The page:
Paul Kingsnorth was once an activist—an ardent environmentalist. He fought against rampant development and the depredations of a corporate world that seemed hell-bent on ignoring a looming climate crisis in its relentless pursuit of profit. But as the environmental movement began to focus on “sustainability” rather than the defense of wild places for their own sake and as global conditions worsened, he grew disenchanted with the movement that he once embraced. He gave up what he saw as the false hope that residents of the First World would ever make the kind of sacrifices that might avert the severe consequences of climate change.
Full of grief and fury as well as passionate, lyrical evocations of nature and the wild, Confessions of a Recovering Environmentalist gathers the wave-making essays that have charted the change in Kingsnorth’s thinking. In them he articulates a new vision that he calls “dark ecology,” which stands firmly in opposition to the belief that technology can save us, and he argues for a renewed balance between the human and nonhuman worlds.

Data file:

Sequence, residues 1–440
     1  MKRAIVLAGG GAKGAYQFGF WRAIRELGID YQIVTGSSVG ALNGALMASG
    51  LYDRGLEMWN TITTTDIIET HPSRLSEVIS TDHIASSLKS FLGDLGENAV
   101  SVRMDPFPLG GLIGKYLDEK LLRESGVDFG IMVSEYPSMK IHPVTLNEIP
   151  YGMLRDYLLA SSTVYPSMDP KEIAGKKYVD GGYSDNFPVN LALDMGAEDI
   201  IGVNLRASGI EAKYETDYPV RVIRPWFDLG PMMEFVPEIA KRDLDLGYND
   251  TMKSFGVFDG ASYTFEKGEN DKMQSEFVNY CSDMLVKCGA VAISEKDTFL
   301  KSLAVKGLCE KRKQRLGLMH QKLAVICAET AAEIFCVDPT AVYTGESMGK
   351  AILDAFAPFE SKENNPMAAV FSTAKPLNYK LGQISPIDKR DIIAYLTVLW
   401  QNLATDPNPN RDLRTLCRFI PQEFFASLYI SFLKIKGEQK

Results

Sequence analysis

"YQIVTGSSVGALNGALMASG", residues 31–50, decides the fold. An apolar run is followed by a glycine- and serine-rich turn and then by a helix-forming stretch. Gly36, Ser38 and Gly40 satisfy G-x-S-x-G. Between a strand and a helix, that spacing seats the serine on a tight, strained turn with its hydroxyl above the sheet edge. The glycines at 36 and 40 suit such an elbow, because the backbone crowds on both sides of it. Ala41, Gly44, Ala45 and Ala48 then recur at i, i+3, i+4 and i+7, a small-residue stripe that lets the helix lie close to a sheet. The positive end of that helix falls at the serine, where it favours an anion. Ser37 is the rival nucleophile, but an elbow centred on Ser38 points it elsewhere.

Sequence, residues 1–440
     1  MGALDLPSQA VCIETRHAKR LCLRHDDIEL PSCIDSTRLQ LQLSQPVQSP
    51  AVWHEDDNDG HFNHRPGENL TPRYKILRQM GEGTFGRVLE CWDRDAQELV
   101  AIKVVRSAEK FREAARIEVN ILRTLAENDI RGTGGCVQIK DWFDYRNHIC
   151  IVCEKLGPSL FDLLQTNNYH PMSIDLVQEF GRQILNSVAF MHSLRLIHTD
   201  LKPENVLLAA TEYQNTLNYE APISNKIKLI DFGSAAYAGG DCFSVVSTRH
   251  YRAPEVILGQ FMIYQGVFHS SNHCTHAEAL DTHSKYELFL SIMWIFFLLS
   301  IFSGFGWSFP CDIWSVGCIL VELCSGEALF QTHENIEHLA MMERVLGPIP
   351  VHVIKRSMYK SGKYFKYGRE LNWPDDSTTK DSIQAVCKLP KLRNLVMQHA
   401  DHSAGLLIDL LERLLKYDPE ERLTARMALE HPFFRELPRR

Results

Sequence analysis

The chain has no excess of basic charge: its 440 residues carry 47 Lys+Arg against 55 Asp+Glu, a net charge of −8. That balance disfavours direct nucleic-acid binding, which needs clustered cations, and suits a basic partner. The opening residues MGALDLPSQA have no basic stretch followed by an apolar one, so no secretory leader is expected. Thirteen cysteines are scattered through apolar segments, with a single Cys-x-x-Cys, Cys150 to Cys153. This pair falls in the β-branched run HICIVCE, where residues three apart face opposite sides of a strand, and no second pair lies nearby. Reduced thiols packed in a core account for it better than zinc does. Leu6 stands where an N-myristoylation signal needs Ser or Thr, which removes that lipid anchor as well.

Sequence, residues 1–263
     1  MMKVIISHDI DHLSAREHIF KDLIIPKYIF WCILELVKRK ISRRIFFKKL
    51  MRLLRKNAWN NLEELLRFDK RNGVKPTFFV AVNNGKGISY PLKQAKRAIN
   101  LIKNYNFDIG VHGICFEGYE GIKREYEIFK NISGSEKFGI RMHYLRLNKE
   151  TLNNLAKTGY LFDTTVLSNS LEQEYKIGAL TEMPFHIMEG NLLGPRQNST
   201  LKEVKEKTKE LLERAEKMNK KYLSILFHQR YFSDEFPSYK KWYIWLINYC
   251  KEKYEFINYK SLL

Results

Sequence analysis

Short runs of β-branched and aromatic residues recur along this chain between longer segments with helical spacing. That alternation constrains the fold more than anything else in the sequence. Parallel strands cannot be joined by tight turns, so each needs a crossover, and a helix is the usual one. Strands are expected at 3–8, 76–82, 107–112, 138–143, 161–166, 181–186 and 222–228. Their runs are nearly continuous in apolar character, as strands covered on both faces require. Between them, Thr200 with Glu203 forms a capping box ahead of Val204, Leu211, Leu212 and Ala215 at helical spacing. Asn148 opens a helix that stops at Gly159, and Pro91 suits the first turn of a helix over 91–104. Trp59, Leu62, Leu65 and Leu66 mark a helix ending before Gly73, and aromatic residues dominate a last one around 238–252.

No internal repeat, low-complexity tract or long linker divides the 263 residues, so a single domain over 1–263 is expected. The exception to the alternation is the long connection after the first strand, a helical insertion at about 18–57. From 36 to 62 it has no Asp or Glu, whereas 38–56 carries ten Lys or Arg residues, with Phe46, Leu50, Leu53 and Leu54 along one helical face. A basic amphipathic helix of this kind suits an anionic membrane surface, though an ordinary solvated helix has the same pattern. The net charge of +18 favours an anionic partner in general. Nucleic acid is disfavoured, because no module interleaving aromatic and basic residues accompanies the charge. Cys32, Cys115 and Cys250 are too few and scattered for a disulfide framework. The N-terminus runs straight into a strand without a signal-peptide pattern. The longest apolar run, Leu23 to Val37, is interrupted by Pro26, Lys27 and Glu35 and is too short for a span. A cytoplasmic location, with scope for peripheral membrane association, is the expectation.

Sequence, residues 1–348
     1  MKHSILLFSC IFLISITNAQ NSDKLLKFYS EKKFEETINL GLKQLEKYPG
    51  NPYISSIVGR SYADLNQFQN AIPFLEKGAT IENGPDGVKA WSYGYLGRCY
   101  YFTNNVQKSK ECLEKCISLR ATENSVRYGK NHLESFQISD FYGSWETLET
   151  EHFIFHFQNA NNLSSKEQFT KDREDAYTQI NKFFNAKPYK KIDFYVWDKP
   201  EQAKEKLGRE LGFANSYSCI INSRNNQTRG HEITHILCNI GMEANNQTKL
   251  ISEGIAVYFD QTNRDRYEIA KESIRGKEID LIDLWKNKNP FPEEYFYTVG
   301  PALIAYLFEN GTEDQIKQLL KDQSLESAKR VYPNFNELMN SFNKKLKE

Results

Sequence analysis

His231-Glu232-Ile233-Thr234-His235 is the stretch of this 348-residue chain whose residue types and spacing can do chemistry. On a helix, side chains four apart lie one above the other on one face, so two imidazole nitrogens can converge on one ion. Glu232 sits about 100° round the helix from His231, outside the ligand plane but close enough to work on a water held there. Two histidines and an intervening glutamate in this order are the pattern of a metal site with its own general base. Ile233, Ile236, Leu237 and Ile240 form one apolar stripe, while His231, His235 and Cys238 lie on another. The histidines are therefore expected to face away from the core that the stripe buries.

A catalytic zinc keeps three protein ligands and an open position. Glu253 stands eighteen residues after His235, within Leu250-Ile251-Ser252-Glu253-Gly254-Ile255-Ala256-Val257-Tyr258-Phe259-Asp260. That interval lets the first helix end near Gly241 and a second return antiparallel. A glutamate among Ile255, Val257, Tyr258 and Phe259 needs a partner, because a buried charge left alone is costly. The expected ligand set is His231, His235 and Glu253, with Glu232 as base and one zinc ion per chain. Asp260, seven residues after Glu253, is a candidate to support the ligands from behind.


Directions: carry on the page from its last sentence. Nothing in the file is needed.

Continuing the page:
This iconoclastic, fearless, and ultimately hopeful book, which includes the much-discussed “Uncivilization” manifesto, asks hard questions about how we’ve lived and how we should live.
“Kingsnorth is a talented, engaging writer . . . Every essay provides food for thought and given a chance, can rearrange the way you view things . . . It could even change the way you decide to live.”—The Ecologist (UK)
“Kingsnorth writes with undeniable love: for the planet, for locations and histories, and for people . . . The overall effect is necessarily grim, but often remarkably uplifting as well. In a world on the brink of collapse, Kingsnorth offers humor, compassion, humility and wisdom.”—Shelf Awareness
“A brilliant and sobering collection recommended for anyone, liberal or conservative, concerned about the runaway train of climate change.”—Booklist